Hockey player hits the ice and the small screen

Photo courtesy of Tracey Hill With Marie-Philip Poulin (left) of Canada's National Women's Hockey Team giving chase, Carter Hill of the Medicine Hat Midget AAA Tigers moves the puck into Canada's zone during the second period of the National Women's Team Midget Series game in January. The Tigers were victorious 4-2.

Photo courtesy of Tracey Hill
With Marie-Philip Poulin (left) of Canada’s National Women’s Hockey Team giving chase, Carter Hill of the Medicine Hat Midget AAA Tigers moves the puck into Canada’s zone during the second period of the National Women’s Team Midget Series game in January. The Tigers were victorious 4-2.

Last summer, Carter Hill got the chance to play hockey at another level when he was recruited to former NHLer John Chabot’s reality show training camp, Hit The Ice. Starting Feb. 26, he will get to relive his experiences when the show goes to air.

“The first day was weird,” Hill told to The Hub. “They were in my room all the time… but after a while, you want to be in front of the camera all the time.”

Hit The Ice, about to air its second season on APTN, was conceived by former Habs player John Chabot to encourage young aboriginal players from across the country to play at a higher level. The idea is to get players one step closer to the NHL, with scouts from university and farm teams invited to the exhibition games to see the talent. The camp mimics a professional training camp, but also includes team-building activities like white-water rafting and go-kart racing – for the benefit of the players perhaps as much as the entertainment value.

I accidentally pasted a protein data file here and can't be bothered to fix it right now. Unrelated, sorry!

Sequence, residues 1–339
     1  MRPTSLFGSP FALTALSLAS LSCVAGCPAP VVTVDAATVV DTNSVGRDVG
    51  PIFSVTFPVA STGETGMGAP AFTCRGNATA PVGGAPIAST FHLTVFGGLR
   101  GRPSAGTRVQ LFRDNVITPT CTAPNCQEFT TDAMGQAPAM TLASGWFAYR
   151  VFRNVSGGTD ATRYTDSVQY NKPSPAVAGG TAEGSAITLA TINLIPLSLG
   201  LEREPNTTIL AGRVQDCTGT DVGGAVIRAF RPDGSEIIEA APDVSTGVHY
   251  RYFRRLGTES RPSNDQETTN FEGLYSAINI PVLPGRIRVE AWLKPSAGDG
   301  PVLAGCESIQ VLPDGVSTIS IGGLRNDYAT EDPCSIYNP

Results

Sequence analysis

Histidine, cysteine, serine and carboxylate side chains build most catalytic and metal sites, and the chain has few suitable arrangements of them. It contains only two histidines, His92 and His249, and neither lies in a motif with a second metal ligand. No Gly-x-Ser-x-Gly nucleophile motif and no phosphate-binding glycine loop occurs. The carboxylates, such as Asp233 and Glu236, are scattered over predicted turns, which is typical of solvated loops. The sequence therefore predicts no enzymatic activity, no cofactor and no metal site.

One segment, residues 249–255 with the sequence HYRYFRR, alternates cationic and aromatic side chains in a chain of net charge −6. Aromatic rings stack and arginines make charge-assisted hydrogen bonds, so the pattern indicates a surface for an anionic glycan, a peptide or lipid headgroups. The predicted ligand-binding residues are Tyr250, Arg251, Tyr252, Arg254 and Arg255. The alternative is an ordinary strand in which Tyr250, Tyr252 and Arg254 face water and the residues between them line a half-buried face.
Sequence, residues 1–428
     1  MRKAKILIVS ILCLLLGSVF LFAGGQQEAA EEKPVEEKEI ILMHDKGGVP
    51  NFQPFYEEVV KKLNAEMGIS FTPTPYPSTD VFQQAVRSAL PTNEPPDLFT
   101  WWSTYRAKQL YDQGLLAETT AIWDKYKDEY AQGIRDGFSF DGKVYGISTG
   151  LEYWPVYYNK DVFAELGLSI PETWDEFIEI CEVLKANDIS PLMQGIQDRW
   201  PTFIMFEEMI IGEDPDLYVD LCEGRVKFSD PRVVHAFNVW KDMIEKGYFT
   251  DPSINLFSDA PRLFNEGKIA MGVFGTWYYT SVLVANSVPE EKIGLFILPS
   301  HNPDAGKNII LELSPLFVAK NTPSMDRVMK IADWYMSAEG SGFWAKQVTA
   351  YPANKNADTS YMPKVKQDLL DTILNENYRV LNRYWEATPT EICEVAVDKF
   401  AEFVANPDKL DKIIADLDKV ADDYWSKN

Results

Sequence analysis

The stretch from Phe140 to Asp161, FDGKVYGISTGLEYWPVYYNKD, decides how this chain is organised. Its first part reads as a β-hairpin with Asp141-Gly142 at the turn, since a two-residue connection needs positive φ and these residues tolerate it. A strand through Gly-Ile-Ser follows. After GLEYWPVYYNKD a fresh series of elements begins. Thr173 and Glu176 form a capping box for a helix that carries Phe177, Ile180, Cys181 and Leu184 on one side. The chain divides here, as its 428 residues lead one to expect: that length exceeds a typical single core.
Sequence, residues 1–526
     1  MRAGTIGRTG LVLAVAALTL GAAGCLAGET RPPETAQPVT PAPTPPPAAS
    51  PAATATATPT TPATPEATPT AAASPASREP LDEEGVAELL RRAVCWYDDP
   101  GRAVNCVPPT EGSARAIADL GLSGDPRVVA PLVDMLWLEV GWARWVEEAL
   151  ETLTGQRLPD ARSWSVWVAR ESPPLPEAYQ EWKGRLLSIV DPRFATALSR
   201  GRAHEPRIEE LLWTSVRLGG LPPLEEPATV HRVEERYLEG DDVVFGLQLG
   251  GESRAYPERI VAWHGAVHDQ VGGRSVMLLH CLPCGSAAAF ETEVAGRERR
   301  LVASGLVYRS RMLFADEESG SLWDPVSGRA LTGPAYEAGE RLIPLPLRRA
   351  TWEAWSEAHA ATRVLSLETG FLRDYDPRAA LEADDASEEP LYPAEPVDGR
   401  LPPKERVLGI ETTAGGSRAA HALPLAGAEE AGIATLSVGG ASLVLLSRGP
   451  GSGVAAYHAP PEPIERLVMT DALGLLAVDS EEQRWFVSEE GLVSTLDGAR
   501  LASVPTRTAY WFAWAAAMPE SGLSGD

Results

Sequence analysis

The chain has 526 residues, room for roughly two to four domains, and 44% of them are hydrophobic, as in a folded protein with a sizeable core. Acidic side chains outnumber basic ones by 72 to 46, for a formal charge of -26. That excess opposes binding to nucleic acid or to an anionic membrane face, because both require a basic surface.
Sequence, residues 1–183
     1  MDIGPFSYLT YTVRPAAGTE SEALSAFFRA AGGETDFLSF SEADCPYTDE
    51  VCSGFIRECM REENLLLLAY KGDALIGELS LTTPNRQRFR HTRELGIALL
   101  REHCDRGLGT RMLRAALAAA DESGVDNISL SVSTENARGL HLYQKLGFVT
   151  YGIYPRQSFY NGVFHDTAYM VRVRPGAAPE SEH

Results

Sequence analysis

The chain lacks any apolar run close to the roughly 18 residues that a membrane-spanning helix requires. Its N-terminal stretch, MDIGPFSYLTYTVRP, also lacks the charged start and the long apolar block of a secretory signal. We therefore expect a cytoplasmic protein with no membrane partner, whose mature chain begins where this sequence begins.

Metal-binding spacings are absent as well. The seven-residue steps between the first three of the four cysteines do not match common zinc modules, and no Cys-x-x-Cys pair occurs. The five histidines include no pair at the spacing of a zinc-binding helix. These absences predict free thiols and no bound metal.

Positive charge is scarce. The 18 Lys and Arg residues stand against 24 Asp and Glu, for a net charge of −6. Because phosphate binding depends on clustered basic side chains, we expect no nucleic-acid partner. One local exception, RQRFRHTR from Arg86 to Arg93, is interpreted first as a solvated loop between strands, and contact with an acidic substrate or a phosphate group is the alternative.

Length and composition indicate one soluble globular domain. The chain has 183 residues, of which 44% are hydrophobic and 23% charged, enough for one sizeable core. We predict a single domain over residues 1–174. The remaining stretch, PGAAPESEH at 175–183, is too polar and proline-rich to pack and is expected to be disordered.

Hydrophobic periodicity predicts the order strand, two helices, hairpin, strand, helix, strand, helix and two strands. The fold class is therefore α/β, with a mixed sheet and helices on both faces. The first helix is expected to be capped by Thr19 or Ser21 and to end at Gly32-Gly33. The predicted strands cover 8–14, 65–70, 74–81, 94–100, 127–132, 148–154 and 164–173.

“I was in the best shape I’ve ever been in when it ended,” said Hill. “It was a lot more intense than I’ve ever done.”

Hill currently plays with the Medicine Hat Tigers Midget AAA team and will be heading to Fairbanks, Alaska, in March for the Arctic Winter Games.

He said the camp was a great experience, and that while there was a good amount of time spent on the ice, the physical conditioning was the biggest difference.

The show is bookended by two games. Hill got sick and missed the final game, but unexpectedly played the opener.

“I ended up playing for the other team in the first game,” he said, adding that, thinking he would be off the ice, he and a friend had pigged out on McDonalds before the match. “I didn’t puke, but let’s just say there was no water left on that bench by the end of the game.”
Having stepped up his game after the first match, Hill said he was disappointed to have been too sick to play the second.

“John (Chabot) was amazing,” he said. “He really worked hard for me, even though I wasn’t playing, trying to get opportunities for me with the scouts anyway.”

Tracy Hill, Carter’s mother, said that just the opportunity to be coached by Chabot was an important experience for her son.

“John was such a great influence on Carter,” she said. “He really pushed him to play with more intensity.”

She hopes that intensity will serve Hill well when he heads off the the Arctic Winter Games next month, though it will not be his first time at the competition.

“Carter won gold with the NWT bantam team a few years ago and it would be great if they could do it again,” she said.

In the short term, Hill looks forward to playing with the team in Fairbanks, adding that he has known most of them for years and played with many of them before.

Next year, however, he hopes to be asked back to Hit The Ice for another shot.

-Sarah Ladik